A Neccessity, Not a Luxury
Consultants were once regarded as a service only hired by the rich and famous, or at least by just the rich. Not so anymore. Primarily used by those in the well-heeled members of high society in years past, consultants have become more widespread and more available to society at large. The services of a trained consultant are invaluable, and even if you are not working with a triple-digit wedding budget, a consultant can still help you. Some consultants even specialize in helping couples of minimal budgets achieve the wedding of their dreams-you have to ask the consultant, and you have to be upfront about what you have (or don't have!) to spend overall.
But I Want My Wedding, My Way
A common fear of using a consultant is that the consultant will direct you by the book on how to have your wedding. It is sometimes thought that a consultant won't let you break the "rules", and they will tell you how your wedding will be, not ask you how you want it. A consultant is there to help you, not boss you around. Of course, if a situation arises to which a better solution exists, certainly you can appreciate that your consultant will let you know about it. Offering suggestions and planning ahead to avoid possible disappointments or logistical nightmares are part of what a consultant is for. After all, they've done this many times before, so they are sharing their wealth of experience with you!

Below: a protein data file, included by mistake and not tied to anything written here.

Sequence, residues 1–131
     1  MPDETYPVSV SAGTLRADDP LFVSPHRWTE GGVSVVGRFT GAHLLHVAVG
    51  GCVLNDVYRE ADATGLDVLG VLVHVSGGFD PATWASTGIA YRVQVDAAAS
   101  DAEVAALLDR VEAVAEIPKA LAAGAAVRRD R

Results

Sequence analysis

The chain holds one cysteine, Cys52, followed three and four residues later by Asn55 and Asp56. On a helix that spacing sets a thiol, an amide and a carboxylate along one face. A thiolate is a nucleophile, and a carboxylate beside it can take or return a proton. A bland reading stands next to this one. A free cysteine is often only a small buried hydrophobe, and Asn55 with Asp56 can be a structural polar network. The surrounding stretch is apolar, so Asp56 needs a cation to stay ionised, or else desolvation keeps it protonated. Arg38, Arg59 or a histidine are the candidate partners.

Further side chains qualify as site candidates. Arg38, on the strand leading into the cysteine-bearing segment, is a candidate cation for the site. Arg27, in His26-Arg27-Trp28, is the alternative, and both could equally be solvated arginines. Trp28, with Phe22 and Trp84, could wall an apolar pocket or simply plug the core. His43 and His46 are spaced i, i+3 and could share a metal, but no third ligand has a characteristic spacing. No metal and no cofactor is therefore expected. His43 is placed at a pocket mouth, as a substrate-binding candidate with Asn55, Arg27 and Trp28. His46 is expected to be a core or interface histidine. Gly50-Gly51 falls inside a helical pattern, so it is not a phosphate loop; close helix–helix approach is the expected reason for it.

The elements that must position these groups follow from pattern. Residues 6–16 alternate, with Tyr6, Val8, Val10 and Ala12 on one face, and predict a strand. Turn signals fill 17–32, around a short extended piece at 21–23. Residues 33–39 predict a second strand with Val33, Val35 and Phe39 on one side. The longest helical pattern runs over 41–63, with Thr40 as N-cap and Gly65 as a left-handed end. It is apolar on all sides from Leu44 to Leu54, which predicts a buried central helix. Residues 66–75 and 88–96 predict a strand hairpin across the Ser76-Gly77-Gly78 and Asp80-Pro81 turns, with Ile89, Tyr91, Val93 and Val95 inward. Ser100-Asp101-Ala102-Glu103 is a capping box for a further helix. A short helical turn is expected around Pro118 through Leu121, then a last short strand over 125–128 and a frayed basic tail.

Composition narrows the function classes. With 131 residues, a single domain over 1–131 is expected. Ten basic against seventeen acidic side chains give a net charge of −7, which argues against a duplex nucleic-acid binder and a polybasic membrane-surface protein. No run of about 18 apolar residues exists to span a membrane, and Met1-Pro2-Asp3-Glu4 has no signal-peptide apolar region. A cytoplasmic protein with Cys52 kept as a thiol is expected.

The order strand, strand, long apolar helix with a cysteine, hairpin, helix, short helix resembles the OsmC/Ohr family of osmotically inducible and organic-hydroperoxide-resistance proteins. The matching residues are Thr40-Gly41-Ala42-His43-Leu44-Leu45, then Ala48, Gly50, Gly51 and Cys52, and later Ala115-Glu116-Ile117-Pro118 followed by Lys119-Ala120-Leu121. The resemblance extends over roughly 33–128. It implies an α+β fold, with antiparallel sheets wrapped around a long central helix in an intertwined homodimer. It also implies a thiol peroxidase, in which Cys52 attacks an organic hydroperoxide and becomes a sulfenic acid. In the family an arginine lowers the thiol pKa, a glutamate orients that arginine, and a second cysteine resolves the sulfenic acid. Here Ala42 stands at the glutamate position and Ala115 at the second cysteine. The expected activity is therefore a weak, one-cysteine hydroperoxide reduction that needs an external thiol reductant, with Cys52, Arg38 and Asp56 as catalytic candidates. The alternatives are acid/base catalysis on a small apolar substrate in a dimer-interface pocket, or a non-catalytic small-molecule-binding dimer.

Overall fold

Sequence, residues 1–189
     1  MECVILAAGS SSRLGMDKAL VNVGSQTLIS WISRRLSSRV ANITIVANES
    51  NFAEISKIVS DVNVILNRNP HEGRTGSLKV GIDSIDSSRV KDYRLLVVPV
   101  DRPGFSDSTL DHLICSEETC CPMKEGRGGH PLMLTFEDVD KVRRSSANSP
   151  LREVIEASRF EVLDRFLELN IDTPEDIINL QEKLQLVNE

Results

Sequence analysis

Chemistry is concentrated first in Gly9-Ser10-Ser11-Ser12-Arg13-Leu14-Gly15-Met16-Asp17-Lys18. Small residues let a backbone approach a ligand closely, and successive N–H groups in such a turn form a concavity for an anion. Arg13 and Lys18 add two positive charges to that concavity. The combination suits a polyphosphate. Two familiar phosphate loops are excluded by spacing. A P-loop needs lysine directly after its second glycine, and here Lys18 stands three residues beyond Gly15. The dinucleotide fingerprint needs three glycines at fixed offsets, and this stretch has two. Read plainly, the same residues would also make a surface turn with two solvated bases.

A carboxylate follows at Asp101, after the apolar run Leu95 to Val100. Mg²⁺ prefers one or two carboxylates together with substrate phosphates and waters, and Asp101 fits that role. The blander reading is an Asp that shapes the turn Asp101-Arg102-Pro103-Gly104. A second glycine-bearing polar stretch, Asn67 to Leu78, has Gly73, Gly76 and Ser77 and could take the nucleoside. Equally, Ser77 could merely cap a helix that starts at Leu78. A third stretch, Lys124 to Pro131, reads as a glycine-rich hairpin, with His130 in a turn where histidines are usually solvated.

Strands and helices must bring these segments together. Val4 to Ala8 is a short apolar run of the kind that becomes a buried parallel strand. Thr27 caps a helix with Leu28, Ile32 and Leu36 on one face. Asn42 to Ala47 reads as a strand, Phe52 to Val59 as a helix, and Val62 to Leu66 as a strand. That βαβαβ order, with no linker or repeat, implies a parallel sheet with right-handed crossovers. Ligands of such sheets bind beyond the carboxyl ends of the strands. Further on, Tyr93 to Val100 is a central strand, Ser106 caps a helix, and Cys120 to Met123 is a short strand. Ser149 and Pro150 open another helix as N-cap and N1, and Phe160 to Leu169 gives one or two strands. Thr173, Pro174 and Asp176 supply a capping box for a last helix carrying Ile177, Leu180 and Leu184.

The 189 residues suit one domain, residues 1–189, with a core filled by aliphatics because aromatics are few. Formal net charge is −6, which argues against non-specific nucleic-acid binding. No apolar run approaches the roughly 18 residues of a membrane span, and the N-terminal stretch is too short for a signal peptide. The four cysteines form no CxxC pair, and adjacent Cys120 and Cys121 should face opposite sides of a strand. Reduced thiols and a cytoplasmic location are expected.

Along with experience, personality does play a large part when choosing your consultant. You may want to meet with, or at least talk to over the phone, more than one consultant. Considering that you will be in very close contact with each other about a very personal issue, you want to make sure that you work well with each other! You want to make sure that you feel comfortable with their disposition, their amount of experience, and most importantly, their ability to listen to you. They should listen to what you do want, as well as what you don't want. Although it is important to focus on the positive side of what you do want, if substitutions or alternate arrangements are ever needed, the consultant should know of certain ideas or situations which you are strongly opposed to. After all, they are doing this for you!
The Right Experience